No physical presence requirements.

Must maintain permanent home in the U.S. as well as meet continuous residence requirements.

Do not lose U.S. citizenship if they reside outside of the U.S.

Could lose LPR status on grounds of abandonment for prolonged absences from the U.S.

Only required to present a valid U.S passport for admission into the U.S. regardless of duration of absence from the U.S.

Entry into the U.S. requires a Green Card and foreign passport or if they have been outside the U.S. for longer than a certain period of time then an immigrant visa or re-entry permit may also be required.


Not deportable.[1]


Can be deported for committing “crimes of moral turpitude.”


May vote in federal, state and local elections.

Not eligible to register or vote in any U.S. elections.


No employment restrictions.

Not eligible to hold office or employment that specifically requires U.S. citizenship.

What Does Legal Permanent Residence Look Like?

            There is a misconception among some LPRs that even if they live outside the U.S., they can maintain their LPR status by traveling to the U.S. at least once every six months.  In fact, as Customs and Border Protection (CBP) becomes more and more stringent in screening foreign nationals arriving in the U.S., we are seeing an increasing number of cases in which permanent residents have been found to have abandoned their status.

            As a general rule an absence from the U.S. of less than six months does not raise a presumption of abandonment of residence.  An absence of longer than six months but less than one year raises a rebuttable presumption that you may have abandoned residence. When an LPR is returning to the U.S after an absence of longer than six months but less than one year, they have the burden of satisfying the CBP officials at the port of entry that they have not abandoned their LPR status.  An absence of longer than one year automatically results in abandonment of LPR status unless steps had been taken prior to the departure to preserve status.  CBP officials have broad discretion to inquire into the purpose of your trip and the length of your absence which inquiry can touch on any number of factors such as the ones outlined before:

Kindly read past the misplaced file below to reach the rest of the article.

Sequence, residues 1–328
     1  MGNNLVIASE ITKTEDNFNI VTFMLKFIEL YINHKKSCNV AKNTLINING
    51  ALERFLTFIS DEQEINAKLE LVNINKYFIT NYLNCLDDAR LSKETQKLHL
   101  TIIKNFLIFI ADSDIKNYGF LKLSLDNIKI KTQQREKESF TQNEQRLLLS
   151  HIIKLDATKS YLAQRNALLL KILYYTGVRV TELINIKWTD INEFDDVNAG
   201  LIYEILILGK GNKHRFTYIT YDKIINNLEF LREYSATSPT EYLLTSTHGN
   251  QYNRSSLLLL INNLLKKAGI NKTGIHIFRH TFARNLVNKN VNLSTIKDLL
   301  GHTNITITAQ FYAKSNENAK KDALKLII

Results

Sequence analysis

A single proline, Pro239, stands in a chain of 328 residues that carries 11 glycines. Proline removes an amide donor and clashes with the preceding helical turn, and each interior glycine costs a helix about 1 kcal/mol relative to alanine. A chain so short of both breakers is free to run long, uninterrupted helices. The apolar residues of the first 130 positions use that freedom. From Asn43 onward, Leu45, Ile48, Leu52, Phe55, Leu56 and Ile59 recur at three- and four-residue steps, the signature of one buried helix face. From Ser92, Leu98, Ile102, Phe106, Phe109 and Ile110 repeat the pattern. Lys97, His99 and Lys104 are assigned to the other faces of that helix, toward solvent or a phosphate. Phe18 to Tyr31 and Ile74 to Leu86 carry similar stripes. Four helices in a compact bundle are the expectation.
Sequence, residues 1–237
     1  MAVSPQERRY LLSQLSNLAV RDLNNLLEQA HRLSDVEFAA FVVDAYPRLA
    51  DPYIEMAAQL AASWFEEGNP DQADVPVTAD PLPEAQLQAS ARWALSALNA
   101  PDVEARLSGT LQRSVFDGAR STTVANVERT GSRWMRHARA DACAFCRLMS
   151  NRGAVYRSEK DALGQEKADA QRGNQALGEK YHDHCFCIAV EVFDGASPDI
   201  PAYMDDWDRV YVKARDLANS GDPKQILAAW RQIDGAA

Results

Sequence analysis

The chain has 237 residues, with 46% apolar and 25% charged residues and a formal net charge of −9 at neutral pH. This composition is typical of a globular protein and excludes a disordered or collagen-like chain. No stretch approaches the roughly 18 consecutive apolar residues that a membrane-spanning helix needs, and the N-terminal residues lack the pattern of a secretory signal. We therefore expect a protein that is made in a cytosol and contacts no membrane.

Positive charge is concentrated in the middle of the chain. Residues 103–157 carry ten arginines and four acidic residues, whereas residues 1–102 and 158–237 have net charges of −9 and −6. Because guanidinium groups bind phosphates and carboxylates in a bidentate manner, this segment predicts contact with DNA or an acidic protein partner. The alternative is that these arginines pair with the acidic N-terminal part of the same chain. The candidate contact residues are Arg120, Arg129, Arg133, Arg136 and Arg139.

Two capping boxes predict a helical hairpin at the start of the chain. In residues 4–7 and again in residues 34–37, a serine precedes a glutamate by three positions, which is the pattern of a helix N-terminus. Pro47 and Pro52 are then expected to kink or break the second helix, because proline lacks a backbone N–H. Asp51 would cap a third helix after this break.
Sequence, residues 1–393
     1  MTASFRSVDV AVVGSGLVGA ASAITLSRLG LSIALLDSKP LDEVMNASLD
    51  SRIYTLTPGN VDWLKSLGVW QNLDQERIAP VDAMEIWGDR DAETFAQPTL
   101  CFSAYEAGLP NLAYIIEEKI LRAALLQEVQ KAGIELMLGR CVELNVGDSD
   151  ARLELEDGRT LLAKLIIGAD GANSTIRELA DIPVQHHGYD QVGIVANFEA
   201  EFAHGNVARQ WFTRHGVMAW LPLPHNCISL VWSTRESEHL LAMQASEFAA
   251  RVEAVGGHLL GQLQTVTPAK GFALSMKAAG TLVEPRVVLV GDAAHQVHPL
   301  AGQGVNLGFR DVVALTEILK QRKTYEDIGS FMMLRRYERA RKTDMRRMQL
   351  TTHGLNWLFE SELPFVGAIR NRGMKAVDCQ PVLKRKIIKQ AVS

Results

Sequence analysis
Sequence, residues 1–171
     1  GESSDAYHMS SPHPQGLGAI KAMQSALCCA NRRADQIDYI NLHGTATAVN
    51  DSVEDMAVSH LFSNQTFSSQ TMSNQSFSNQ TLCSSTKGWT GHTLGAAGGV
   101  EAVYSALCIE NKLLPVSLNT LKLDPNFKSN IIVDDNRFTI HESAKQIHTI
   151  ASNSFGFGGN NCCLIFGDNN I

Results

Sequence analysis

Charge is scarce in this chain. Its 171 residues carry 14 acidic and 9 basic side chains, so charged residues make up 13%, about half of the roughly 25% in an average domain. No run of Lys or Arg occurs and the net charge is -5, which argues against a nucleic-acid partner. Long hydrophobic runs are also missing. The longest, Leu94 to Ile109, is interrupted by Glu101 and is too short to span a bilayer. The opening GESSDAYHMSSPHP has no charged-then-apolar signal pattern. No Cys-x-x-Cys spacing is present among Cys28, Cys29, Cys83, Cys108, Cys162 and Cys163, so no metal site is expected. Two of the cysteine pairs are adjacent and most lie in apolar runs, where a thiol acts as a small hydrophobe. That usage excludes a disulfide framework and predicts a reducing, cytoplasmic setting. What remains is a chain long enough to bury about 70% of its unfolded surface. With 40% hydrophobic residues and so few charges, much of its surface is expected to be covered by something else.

What Factors Determine Whether an LPR has abandoned LPR status?

  1. Duration of Stay and Intent
  • How long have you been outside the U.S.?
  • What was your purpose for departing the U.S.?
  • How long did you expect you would be outside the U.S. when you left?
  • If you stayed outside the U.S. longer than intended, why? Were factors such as illness of yourself or a family member involved?
  • When you departed did you intend to return to the U.S. to live/work?
  1. Employment
  • Did you have a job in the U.S. when you left? (Do you now?)
  • When was the last time you received a salary in the U.S.?
  • Do you have a job in your home country? If so, is it with a U.S. or foreign company?
  1. Property/Residence
  • Did you have property in the U.S. when you left? (Do you now?)
  • Did you ever live at that property?
  • Do you plan to stay there when you return to the U.S.?